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After Boy Dies in Power Window Tragedy, Safety Expert Shares How to Keep Kids Safe in Cars

By Inside Edition
Playing After Boy Dies in Power Window Tragedy, Safety Expert Shares How to Keep Kids Safe in Cars
As technological advances make everyday tasks like driving easier and more enjoyable, hidden dangers can also arise that put lives at risk — especially children.
In August, 2-year-old Logan Vanderkleed died from injuries sustained in a tragic accident involving a vehicle’s window. Little Logan and his sister were napping in the car when the toddler apparently pressed a power window button, sending the panel down and up again and getting his neck stuck in the process, his family said.
Logan was reportedly without oxygen for more than 40 minutes. After a week in the hospital, he was taken off life support. His death came several months after the April passing of 3-year-old Everton Isay Romero, who also died after a car’s power window closed on his neck.
The child clung to life for nearly a week after his mother discovered his lifeless body trapped in the window.
Power windows pose a very real but often overlooked risk to children, Janette Fennell, founder and president of, told

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“No one really thinks about it until it happens,” she said of tragedies that have made recent headlines.  “It only takes 22 pounds of force to break the trachea of a small child, but the power windows we have in our cars all have between 30 and 80 pounds of force when they go up very quickly and very powerfully.” Fennell suggested parents be mindful of such dangers and take the necessary steps to ensure all available safety precautions are used to make driving with kids as safe as possible.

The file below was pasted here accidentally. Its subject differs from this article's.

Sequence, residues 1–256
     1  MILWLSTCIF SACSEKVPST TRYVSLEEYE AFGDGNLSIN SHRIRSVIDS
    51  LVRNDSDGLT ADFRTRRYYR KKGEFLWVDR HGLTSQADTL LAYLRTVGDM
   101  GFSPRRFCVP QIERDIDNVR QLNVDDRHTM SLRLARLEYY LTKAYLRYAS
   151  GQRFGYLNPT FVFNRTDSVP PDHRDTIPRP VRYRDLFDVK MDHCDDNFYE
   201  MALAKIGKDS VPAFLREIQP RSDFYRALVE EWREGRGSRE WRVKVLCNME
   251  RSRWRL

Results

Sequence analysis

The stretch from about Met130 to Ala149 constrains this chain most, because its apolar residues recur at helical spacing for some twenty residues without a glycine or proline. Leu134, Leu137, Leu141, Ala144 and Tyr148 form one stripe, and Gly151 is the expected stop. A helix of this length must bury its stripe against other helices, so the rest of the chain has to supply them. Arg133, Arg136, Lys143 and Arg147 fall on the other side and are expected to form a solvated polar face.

Motorists should determine whether they have a “lock out” feature on their vehicles, which would allow a driver to stop passengers from having control over power locks, Fennell said. They should also see for themselves if their cars have an auto-reverse mechanism, which will detect if an object is in the window’s way and force the window to go back down, she continued. “Use a roll of paper towels," she said. "If [the window] squishes your paper towel, you know you don’t have the feature. If it bounces down, you know you do."
Drivers of vehicles who don’t have such a feature should be extra cautious when allowing children to have control over power controls, Fennell cautioned. “If someone’s fingers or hands or even their head are in the way, it’s not going to stop going up and you could get a serious injury, amputation and sometimes even death,” Fennell said.
She also urged motorists to check whether their cars have a built-in brake, transmission or shift interlock, which prevents a person who doesn’t have their foot on the brake from shifting gears.

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“There are little idiosyncrasies you want to be educated on,” she said. Drivers of vehicles with a push button ignition should also be mindful of a hidden danger: Carbon monoxide.
“Our cars are getting so efficient and they’re getting so quiet... What’s happening is when people get home and pull into their garage, they forget [to turn off the ignition],” Fennell said. “They’ve got their key fob and they leave. We’ve been in such a habit [to think] ‘key in hand, vehicle must be turned off, away I go.’
“But the truth of the matter is, if you don’t push that button, that vehicle is going to run and run and run and it’s going to keep running until it runs out of gas,” she continued. “Well, if you’re in a garage, or any enclosed area, what’s going to happen is the carbon monoxide is going to build and build and build, to a point where it can seep into your home.”
Fennell suggested families should keep a carbon monoxide detector near their home’s garage door entrance.
“This is one of those hidden dangers," she said. "You can’t smell it, you can’t hear it, and sometimes people don’t learn about it until it’s too late."
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